Five days after roughly 50 train cars derailed in East Palestine, Ohio, people living in the area have yet to return to their homes.
Gov. Mike DeWine issued an evacuation order in the aftermath of the fiery wreck, with 10 of the derailed cars containing hazardous materials. After workers released and burned toxic gas from five of the cars on Monday, residents are still waiting to see if the air is safe enough to go back.
“There’s all that smoke and all those chemicals in there,” resident Mason Shields told The Associated Press. “I’m wondering if it’s even going to be safe for people to return within the next week or month or however long.”
“I’m scared to go back home,” said Brittany Dailey. “I’m eventually going to have to go back, but it makes me want to sell my house and move at this point.”
OHIO SKYLINE LIT UP BY FIREBALL, BLACK PLUMES OF SMOKE AS TOXIC CHEMICALS ARE RELEASED FROM DERAILED TRAIN
Crew members performed a controlled burn of vinyl chloride that was being stored in rail cars. This resulted in the release of hydrogen chloride and phosgene, a gas that was used as a weapon during World War I that can cause vomiting and difficulty breathing.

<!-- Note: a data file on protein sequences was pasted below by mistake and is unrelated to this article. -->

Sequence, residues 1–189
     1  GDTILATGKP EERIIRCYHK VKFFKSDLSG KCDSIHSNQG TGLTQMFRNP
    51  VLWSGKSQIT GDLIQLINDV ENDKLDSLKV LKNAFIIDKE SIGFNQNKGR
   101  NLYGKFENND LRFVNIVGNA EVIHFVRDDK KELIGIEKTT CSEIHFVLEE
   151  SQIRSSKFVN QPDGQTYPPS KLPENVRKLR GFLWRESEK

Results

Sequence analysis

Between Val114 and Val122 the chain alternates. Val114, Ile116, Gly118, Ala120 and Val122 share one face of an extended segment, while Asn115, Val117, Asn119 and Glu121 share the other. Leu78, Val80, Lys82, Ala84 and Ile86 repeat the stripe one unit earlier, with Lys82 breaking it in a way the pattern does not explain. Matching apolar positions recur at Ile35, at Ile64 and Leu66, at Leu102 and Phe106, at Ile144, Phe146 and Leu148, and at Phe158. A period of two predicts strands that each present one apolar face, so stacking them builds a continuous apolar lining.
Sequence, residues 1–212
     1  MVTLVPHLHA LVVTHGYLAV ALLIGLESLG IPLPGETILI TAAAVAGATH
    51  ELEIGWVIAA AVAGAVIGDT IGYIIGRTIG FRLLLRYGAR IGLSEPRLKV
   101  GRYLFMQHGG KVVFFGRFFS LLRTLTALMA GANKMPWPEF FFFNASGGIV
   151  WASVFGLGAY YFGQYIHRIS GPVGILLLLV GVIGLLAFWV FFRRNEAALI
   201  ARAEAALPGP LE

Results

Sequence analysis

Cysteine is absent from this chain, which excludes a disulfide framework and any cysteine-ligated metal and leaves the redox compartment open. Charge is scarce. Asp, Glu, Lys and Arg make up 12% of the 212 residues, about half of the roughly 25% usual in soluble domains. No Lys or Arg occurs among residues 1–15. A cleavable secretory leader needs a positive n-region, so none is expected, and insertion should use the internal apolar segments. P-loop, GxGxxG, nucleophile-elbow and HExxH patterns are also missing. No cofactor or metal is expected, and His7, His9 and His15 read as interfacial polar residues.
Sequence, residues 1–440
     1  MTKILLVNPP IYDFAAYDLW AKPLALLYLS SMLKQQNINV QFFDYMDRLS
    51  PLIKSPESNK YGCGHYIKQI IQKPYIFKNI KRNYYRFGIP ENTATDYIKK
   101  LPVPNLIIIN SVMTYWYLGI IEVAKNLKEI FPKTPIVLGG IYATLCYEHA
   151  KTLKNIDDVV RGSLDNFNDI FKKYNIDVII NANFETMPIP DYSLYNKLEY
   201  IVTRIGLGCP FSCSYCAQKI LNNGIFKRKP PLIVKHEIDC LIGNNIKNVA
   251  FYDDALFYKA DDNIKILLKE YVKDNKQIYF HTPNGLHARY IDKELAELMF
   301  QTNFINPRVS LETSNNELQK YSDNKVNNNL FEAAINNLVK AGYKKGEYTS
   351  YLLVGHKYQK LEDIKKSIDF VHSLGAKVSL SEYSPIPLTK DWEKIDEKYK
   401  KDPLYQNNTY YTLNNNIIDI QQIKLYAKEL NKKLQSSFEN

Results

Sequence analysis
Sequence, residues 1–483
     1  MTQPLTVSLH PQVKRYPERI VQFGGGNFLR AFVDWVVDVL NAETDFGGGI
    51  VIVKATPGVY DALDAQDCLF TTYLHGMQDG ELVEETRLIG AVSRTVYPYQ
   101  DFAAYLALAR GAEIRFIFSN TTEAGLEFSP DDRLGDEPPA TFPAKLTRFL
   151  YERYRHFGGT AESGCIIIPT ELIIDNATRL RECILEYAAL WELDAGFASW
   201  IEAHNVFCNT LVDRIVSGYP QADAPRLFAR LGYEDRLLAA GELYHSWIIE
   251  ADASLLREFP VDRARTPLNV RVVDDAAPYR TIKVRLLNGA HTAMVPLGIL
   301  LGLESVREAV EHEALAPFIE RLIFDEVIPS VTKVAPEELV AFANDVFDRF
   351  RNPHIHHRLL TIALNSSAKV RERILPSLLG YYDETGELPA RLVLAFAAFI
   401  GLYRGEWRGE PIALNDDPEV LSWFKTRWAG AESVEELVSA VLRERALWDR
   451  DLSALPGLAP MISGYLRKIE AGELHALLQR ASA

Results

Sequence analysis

Federal officials are monitoring the situation with the Environmental Protection Agency collecting air samples inside and outside the evacuation area. National Guard members also conducted readings inside homes while wearing protective equipment.
OFFICIALS ADVISE EVACUATION OVER EXPLOSION CONCERNS AFTER TRAIN DERAILMENT IN OHIO
An EPA spokesperson said federal officials so far had not seen anything concerning in their samples, but that they “want to make sure that’s not going to change.”
East Palestine Mayor Trent Conaway urged people to remain as patient as possible.
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“We have to rely on the experts for this,” Conaway told reporters Tuesday, referring to the Ohio and U.S. EPAs.
“We’re doing the best we can,” the mayor said. Frustration levels are high for everybody. Everybody’s tired. We’re doing our best.”
The Associated Press contributed to this report.